The Senate is writing up its own health care bill instead of acting on Trumpcare

The GOP's Obamacare replacement bill won't exactly be moving quickly

Published May 5, 2017 11:34AM (EDT)

 (AP Photo/J. Scott Applewhite)
(AP Photo/J. Scott Applewhite)

It seems that Senate Republicans realize that their counterparts in the House passed a bill that is absolutely terrible. This would explain why, despite House Republicans taking a victory lap at the White House on Thursday, their Senate colleagues are going to draft their own legislation.

A working group with 12 members, including the conservative Sen. John Cornyn of Texas, is going to write up a bill that will incorporate aspects of the House measure, according to a report by The Washington Examiner. Although Sen. Susan Collins of Maine, a moderate Republican, is reported to be a part of the discussions, she is not in the working group.

There is no timeline, Cornyn said, according to The Hill.

According to Cornyn, the purpose of the working committee is to "build a consensus among our conference and that is what the working group is designed to do. To get to a compromise we can agree to and then present it to the larger conference."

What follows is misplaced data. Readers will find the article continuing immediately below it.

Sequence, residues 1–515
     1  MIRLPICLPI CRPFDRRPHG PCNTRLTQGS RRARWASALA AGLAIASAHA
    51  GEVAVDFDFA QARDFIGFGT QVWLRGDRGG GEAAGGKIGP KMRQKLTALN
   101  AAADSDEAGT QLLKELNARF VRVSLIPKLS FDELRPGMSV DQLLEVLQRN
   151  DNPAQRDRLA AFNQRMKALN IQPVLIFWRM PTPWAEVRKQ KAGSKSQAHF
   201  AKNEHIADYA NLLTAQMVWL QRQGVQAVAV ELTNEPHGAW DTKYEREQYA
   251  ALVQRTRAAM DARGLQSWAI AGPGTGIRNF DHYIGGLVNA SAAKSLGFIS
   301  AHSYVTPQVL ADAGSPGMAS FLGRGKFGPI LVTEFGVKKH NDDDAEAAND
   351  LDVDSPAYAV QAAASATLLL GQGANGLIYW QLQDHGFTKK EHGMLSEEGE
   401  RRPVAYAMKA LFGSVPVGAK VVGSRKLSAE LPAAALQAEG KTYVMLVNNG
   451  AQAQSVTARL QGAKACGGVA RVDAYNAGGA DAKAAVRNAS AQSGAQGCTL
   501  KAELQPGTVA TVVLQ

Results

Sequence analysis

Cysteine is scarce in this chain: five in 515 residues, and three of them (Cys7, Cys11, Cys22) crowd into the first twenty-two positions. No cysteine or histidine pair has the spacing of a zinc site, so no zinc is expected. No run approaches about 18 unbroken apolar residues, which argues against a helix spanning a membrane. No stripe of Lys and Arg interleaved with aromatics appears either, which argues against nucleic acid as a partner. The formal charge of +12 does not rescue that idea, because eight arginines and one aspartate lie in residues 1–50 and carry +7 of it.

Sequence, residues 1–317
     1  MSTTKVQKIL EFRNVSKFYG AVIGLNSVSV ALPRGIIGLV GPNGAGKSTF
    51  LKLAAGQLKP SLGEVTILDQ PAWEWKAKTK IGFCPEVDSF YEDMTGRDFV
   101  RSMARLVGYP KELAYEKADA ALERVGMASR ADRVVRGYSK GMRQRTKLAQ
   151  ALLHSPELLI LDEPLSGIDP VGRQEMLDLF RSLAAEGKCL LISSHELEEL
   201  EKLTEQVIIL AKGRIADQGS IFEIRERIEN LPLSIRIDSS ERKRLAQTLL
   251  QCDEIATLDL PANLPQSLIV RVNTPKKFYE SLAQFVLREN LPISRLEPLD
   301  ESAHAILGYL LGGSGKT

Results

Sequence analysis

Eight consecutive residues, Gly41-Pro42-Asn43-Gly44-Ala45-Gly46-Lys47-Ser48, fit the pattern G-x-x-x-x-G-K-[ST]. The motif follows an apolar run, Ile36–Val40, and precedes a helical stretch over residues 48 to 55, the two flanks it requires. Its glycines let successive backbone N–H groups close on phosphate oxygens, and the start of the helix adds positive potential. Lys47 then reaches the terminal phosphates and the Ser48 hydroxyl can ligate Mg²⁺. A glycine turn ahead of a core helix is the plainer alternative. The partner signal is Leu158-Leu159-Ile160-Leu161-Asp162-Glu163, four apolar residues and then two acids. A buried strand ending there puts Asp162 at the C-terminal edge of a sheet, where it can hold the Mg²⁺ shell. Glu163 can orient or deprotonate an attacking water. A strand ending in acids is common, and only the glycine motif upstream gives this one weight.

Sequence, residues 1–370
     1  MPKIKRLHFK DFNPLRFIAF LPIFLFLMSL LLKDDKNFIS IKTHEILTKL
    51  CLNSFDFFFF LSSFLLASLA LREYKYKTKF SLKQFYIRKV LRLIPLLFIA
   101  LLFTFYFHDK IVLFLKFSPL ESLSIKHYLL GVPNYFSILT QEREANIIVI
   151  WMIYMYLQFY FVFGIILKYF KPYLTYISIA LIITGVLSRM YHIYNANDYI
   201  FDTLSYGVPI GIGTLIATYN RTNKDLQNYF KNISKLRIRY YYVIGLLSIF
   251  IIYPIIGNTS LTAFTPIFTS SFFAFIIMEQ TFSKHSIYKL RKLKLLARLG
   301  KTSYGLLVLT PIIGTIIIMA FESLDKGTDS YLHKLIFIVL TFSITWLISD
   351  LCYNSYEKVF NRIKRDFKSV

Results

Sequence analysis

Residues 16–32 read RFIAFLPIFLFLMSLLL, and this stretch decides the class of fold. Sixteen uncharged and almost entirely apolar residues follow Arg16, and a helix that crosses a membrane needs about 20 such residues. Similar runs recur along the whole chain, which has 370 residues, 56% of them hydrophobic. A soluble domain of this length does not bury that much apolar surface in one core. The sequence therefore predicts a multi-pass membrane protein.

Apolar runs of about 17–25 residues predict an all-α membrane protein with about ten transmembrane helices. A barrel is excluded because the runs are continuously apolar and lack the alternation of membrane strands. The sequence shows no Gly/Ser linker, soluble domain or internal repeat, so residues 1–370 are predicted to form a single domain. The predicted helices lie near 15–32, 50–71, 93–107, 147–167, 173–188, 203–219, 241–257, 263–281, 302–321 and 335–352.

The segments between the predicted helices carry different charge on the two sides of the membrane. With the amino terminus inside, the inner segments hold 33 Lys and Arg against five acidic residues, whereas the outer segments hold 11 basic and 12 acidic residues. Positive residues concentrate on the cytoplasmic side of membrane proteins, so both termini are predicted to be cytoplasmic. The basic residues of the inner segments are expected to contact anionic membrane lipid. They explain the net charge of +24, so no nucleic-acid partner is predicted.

Sen. Roy Blunt of Missouri told The Examiner that "the safest thing to say is there will be a Senate bill, but it will look at what the House has done and see how much of that we can incorporate in a product that works for us in reconciliation."

Presumably the Senate's goal is to create a bill that will ultimately be acceptable to enough Republicans in both chambers of Congress.

 

 


By Matthew Rozsa

Matthew Rozsa is a professional writer whose work has appeared in multiple national media outlets since 2012 and exclusively at Salon since 2016. He specializes in covering science, health and history, and is particularly passionate about climate change, animal science, disability rights, plastic pollution and the intersections between science and politics. He has interviewed many prominent figures including former President Jimmy Carter, former Israeli Prime Minister Ehud Barak, animal scientist and activist Temple Grandin, inventor Ernő Rubik, mRNA vaccine pioneer Katalin Karikó, actor George Takei, and right-wing insurrectionist Roger Stone.

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